Calgary — The 2022 Honens competition ends with an evening of 19th and 20th-century concertos: the piano approaches the final, steroidal stage in its evolution and roars against the orchestra. Three in a row risks nerve damage, but the muted mauve walls and grey stick-on columns of Jack Singer Hall are blandly soothing, like a shopping mall food court with the lights turned low.
Illia Ovcharenko arrives as the crowd favourite — I hear his name on many lips — after last night’s excellent Mozart. Tchaikovsky’s Piano Concerto No. 1 is an appropriate choice for this polished musician who isn’t taking unnecessary risks. And perhaps it was nerves (he’s 21, the youngest) but tonight was his turn to come return to earth and make some noticeable mistakes. Nothing awful, but it revealed how, if you play with even a slightly constrained emotional range, the pressure to be perfect is doubled. And though his performance was held together by his characteristic piercing energy, I wanted more feeling.
The Calgary Philharmonic Orchestra led by Jeffrey Kahane, was lush and strong all night. Some of the melodic hand-offs between the orchestra and Ovcharenko were elegantly sewn, but a couple were frayed. Was it because of the pianist’s nervy timing? You’d have to stare deeply into the conductor’s eyes to know for certain. They took the Andantino at a glacial pace but the tempo made ample room for the wind soloists and it forced Ovcharenko to breathe, with pretty and expressive results. The final Allegro was a touch messy but rambunctious and delightful. Is this the “complete artist,” whatever that means in your twenties? He certainly could be. With a good performance tonight and an excellent one yesterday, he has a fine chance to win.
Rachel Breen does so much in the details that I was curious what kind of power she’d bring to an early romantic concerto. Beethoven’s 4th doesn’t hit you over the head like the Tchaikovsky; it swallows you slowly, but it swallows you whole. There were fewer fireworks than in either the Tchaikovsky or the Rachmaninov that followed, but it was the best performance of the night. The first movement begins as a whispered seduction and builds to suspenseful majesty, and she danced through it with astonishing detail. Even the air felt electric and alive. The slow movement became a vivid story, the inconsolable piano quietly singing against the malevolent orchestra theme that’s prowling closer and closer—then a sudden turn and now it’s the orchestra who’s being seduced, pacified to a hush by the piano’s lyrical magic. The tension was released in a third-movement romp with blazing detail and personality. She’s got huge potential as an original interpreter. If only her first final had been better…
Sasha Kasman Laude played the Rachmaninov Third Concerto, the concerto to rule them all, at least in competitions; few pianists can resist the allure of the opportunities it offers to fling different kinds of fire. At its best, her performance was a balletic grapple with the orchestra, full of bloodcurdling suspense and exquisite manipulation, but its dynamic demands pushed her to the limit. The Third was the riskiest choice of the three finalists, it’s a work that requires full-body athleticism if the pianist hopes to pierce the orchestral mass. She almost flew off the bench, but it wasn’t quite enough. She either gained confidence or — incredibly — saved energy for the finale, which had a remarkable shapeliness where many young pianists simply strut and bang, but the intensity of its physical demands sapped the clarity that was so wonderful in the Adagio and in her solo performances earlier in the competition.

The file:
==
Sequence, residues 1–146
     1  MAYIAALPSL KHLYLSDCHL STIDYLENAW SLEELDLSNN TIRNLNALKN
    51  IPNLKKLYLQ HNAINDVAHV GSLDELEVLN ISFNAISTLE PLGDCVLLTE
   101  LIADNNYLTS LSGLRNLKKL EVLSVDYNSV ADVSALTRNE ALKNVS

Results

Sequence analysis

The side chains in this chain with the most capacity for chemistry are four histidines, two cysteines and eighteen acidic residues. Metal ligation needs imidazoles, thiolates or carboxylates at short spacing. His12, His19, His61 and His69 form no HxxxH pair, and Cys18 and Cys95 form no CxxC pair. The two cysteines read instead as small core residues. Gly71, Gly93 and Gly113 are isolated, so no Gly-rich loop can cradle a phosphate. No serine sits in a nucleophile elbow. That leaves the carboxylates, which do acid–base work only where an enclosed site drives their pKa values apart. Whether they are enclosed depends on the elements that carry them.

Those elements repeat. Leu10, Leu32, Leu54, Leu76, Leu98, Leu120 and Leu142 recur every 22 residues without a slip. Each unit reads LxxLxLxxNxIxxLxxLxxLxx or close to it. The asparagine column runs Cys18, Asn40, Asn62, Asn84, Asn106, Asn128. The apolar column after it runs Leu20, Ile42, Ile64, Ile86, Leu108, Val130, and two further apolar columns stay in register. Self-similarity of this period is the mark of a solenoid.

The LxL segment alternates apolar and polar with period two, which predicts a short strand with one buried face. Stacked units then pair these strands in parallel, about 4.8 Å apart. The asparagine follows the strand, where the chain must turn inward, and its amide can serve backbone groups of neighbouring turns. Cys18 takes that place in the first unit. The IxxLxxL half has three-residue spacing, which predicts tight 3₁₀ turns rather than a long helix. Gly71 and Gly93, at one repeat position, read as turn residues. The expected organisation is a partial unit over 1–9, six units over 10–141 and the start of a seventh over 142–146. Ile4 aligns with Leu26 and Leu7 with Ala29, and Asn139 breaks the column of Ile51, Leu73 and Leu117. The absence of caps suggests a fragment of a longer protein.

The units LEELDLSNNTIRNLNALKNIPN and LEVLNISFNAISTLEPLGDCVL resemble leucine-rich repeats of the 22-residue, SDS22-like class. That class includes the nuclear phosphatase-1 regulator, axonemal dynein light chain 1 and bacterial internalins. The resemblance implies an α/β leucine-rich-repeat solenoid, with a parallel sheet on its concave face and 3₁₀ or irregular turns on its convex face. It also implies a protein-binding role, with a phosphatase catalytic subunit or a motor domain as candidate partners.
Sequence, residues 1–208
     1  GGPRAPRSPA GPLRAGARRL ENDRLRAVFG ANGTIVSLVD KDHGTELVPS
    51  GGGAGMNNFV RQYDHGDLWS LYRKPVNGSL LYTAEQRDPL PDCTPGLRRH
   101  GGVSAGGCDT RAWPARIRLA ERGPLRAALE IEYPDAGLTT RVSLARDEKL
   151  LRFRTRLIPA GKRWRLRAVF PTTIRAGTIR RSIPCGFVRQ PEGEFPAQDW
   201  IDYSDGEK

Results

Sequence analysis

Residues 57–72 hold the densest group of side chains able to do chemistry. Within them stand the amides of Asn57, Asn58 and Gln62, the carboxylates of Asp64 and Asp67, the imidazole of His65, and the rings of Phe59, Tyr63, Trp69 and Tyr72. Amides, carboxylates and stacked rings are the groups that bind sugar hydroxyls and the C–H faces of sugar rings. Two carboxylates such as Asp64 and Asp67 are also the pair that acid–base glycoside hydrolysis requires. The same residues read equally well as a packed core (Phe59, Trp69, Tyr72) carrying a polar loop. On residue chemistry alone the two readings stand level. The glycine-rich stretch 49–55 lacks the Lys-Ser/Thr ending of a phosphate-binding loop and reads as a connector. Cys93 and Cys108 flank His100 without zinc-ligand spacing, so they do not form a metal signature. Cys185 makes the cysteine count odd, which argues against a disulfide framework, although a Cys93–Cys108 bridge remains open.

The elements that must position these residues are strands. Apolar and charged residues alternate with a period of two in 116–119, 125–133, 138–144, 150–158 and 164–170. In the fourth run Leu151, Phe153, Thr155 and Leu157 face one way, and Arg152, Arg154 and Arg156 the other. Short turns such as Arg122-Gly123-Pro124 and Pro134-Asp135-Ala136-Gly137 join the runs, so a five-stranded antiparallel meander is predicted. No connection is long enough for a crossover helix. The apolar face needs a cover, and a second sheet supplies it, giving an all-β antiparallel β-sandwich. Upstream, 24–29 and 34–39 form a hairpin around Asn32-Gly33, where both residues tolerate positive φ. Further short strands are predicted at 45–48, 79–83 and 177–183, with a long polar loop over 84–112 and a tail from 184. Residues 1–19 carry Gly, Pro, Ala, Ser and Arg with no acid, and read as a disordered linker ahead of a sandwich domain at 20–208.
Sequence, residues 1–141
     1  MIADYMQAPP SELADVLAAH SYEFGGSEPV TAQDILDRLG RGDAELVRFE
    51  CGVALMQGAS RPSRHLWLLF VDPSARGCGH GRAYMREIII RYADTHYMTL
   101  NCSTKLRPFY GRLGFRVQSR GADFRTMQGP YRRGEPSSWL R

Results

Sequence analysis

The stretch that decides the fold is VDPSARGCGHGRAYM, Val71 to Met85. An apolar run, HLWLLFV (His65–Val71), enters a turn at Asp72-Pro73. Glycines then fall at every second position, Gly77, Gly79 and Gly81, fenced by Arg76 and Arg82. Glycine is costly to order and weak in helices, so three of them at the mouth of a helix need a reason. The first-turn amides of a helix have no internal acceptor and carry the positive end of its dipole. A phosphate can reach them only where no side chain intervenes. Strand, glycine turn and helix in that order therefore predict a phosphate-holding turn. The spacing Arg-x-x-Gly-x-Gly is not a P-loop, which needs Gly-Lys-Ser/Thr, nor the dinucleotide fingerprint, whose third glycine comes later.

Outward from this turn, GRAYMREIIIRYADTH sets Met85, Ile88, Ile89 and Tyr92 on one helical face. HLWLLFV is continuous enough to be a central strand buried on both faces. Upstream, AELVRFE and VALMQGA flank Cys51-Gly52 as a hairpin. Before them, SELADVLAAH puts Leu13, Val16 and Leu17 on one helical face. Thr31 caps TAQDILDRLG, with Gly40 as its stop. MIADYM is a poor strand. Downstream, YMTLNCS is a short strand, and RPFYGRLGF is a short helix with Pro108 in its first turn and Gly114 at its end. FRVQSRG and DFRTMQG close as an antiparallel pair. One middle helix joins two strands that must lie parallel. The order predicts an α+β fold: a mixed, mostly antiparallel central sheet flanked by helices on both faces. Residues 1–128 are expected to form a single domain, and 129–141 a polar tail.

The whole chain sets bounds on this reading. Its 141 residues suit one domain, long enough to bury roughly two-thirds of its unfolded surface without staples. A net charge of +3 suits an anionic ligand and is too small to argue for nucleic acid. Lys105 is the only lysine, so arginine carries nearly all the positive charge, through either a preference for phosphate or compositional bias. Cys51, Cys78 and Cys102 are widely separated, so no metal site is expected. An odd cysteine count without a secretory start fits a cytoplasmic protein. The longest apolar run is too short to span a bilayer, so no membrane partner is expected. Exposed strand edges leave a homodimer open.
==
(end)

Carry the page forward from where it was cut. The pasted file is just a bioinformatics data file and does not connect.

Ovcharenko was announced as the 2022 Honens Laureate around 1am. In addition to Breen’s and Kasman’s Finalist prizes, Ádám Balogh won for the Best Performance of a Commissioned Work, and Angie Zhang for the Best Performance of a Beethoven Violin Sonata and the Audience Choice Award. It’s interesting that Zhang was not one of the semifinalists announced in May. We only got to hear her because Dmytro Choni withdrew.
I spoke with Ovcharenko the following morning. He praised the intensity and variety of the competition. “I’ve never participated in something that takes three years… it’s the only competition in the world that has everything pianists can expect in the future.” How would he improve it, then? A little more rest, he half-jokes. “I wouldn’t have this 2 am going to bed and then 9 am dress rehearsals, though it was also amazing—was it made on purpose to exercise us? I would really rather have some sleep.”
He spoke of camaraderie between the semifinalists — “You don’t feel that much pressure, you’re already one of the ten”—and suggested embracing it and having them play short duos in random pairs. “That would be really fun.” A collaborative phase in a competition is a terrific idea. Honens, are you listening? If not you, then who?
Finally, I asked him if there was a moment when he began to think he could win. “After the Mozart,” he replied immediately. He’d learned his lesson from a competition in March where he’d left himself only a few days to rehearse a concerto that he hadn’t played for a year. “I didn’t want this to happen again.” Despite all the words about musicians’ character, the mysteries of inspiration and expression, and that misdirection of calling it “playing,” we can’t forget that what they do is fundamentally work.
Honens is a treasure, I’ll see you in 2025.
There is a full archive of the 2022 Honens International Piano Competition available here.